Today I'm going to be talking about our "Letter of the Week" we offered over the past year. We got the majority of our letter ideas from the amazing No Time For Flash Cards website.
We went through the entire alphabet, while changing the letter every Monday. We updated our bulletin board each week with new, easy to recognize items that also started with the same letter. Having kids run into the room to see what the new letter was each week was a really fun experience at the desk.
We had a great college assistant who prepped our craft each week. She cut out the letters with our Cricut machine, added any supplies we needed in separate plastic baggies (all the pom poms in one, the google eyes in another, etc), and then threw them all in a tub. Since our desk is usually pretty busy, our goal was to make the letters as easy as possible. Staff simply handed a letter to each kid and then reached into the baggies to hand out the necessary supplies.
For the first two weeks we had kids trace and cut out their own letters instead of using the Cricut, but after observing we saw that overwhelmingly it was the caregivers doing the letter and cutting. Since we also wanted it to be as non-staff intensive as possible, taking away the scissors was appreciated by all. I know scissor usage is a great skill for littles to practice, but it wasn't feasible with our staffing. I made sure to include weekly literacy tips on the "craft table" that talked all about letters, scissor usage, etc.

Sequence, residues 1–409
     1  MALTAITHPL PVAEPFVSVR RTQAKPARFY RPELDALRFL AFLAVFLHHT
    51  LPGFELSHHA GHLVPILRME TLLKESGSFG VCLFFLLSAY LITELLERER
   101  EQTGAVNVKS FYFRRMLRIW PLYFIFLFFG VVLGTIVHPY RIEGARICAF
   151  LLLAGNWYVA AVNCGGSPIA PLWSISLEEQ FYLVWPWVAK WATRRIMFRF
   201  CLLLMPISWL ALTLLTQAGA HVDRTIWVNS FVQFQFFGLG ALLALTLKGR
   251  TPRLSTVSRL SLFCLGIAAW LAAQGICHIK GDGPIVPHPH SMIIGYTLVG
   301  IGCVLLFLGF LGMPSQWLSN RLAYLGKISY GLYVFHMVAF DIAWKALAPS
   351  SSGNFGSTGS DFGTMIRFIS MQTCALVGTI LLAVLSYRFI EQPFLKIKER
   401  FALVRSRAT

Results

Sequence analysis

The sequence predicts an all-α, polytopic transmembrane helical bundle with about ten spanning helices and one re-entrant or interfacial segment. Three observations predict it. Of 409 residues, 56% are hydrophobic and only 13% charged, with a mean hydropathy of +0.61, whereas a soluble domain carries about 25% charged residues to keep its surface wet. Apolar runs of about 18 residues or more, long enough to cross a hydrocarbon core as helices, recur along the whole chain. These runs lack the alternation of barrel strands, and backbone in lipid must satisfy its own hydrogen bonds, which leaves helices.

We soon had patrons coming in every week specifically to do the letter of the week craft. Caregivers told me they were making scrap books at home of the letters, and even creating their own letter themed weeks depending on where we were in the alphabet.
After the letter K, we consistently averaged over 50 kids a week. For a passive program, that required very little staff time, this was definitely a win in our book. If you have a volunteer that could prep the supplies each week, then it would be even better!
Seeing each unique letter made every day a little better, especially during summer reading craziness. It was a great opportunity for us to talk about process rather than product with the caregivers. One of my hesitations was having an "example" letter each week on the bulletin board. However, we stressed to caregivers to allow the kids do their own thing and that the examples were simply there to remind kids to ask for the letter craft. It helped that the "example" was on a bulletin board a good distance from the craft table. Unless caregivers got up to walk 20 feet and checked the bulletin board, they had nothing to compare their child's letter to.